A Gym for Your Memory

19 September, 2012

Take a walk, go for a bike ride, hit the gym. Exercise makes extra space in the "scratch pad" part of your brain, also known as your working memory. It's where you jot down bits of information that you need to act on immediately, such as which street to turn onto or what the chef's daily specials are.

How much activity will do the memory-sharpening trick? It depends on what you do and how often. If you're an easy-does-it kind of exerciser, aim for at least 30 minutes of moderate activity (brisk walking is fine) on most days of the week. However, if you prefer to push yourself -- swimming laps, lifting weights, tearing it up on a rowing machine -- three 20-minute sessions a week are all it takes. Researchers recently found that doing just this much increased working memory in a group of young adults. The reason isn't totally clear. It may simply be that exercise increases nourishing blood flow to the brain, but regular workouts also may alter brain structures in beneficial ways. In any event, you may not care why, as long as you can remember all those little things you've been trying not to forget.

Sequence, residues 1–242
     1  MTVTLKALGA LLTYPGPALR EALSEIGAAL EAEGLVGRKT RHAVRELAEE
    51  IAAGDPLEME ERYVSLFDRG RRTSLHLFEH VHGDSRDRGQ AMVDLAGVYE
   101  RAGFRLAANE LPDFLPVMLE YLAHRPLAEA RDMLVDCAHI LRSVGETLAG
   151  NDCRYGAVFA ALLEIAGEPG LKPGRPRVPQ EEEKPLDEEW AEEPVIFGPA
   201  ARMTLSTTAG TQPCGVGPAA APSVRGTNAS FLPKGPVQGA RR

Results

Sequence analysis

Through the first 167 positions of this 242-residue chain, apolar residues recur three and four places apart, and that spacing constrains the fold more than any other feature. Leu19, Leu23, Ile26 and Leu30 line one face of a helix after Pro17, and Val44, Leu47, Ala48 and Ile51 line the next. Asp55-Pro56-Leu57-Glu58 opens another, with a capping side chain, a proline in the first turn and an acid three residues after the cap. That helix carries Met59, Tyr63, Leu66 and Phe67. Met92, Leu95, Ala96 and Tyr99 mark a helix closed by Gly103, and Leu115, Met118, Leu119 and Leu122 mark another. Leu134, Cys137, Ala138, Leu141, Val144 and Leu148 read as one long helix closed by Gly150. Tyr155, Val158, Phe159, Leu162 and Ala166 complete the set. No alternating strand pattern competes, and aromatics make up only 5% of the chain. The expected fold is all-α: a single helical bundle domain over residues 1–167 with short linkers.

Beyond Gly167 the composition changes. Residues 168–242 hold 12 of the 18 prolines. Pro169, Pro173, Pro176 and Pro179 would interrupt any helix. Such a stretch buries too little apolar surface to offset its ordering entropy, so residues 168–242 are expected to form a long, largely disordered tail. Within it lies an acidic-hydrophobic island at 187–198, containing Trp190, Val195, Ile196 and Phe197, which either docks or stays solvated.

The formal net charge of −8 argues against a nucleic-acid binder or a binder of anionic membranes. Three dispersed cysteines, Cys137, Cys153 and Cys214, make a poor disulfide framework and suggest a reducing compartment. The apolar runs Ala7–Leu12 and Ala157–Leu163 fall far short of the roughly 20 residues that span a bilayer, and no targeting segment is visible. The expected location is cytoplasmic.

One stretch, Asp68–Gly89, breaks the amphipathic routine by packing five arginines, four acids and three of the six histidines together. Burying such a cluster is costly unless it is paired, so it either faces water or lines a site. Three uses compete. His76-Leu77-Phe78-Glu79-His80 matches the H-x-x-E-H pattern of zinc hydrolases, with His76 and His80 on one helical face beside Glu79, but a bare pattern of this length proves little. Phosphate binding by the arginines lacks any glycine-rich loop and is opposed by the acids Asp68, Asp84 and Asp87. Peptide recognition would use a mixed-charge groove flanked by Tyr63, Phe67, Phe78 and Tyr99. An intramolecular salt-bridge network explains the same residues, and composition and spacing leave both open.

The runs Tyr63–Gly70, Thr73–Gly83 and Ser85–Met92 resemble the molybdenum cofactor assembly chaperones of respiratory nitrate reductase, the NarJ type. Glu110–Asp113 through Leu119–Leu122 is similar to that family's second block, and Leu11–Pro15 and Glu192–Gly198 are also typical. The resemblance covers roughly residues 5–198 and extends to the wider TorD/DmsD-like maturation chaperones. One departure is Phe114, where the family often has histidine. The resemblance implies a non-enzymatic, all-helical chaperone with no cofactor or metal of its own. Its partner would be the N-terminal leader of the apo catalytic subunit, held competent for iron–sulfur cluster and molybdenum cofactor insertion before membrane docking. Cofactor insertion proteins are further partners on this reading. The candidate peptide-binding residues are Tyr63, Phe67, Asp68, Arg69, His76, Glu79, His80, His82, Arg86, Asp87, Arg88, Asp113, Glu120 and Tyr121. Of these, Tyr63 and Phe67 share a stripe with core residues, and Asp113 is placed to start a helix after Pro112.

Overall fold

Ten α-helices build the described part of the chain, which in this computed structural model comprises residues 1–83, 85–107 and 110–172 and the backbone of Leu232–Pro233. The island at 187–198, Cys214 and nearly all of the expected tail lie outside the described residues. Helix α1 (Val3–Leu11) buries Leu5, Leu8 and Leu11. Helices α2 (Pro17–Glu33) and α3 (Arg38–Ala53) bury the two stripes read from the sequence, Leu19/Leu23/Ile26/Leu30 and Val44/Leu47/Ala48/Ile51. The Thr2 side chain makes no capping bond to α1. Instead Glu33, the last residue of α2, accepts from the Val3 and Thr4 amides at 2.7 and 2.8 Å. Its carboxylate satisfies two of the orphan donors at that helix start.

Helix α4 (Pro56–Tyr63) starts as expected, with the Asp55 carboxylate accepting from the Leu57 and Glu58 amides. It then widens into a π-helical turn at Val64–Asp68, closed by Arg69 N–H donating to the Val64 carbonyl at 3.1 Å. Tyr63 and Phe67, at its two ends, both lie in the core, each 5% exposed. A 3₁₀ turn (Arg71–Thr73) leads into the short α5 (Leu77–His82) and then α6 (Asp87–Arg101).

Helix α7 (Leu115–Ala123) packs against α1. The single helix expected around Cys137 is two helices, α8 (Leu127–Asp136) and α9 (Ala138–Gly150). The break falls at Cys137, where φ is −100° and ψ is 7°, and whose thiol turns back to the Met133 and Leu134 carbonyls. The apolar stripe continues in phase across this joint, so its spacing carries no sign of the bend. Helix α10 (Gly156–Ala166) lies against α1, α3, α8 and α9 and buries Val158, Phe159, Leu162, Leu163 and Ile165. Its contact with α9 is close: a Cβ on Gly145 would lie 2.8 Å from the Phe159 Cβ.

SOURCES: The relationship between working memory capacity and physical activity rates in young adults. Lambourne, K., Journal of Sports Science & Medicine 2006 5;149-153.

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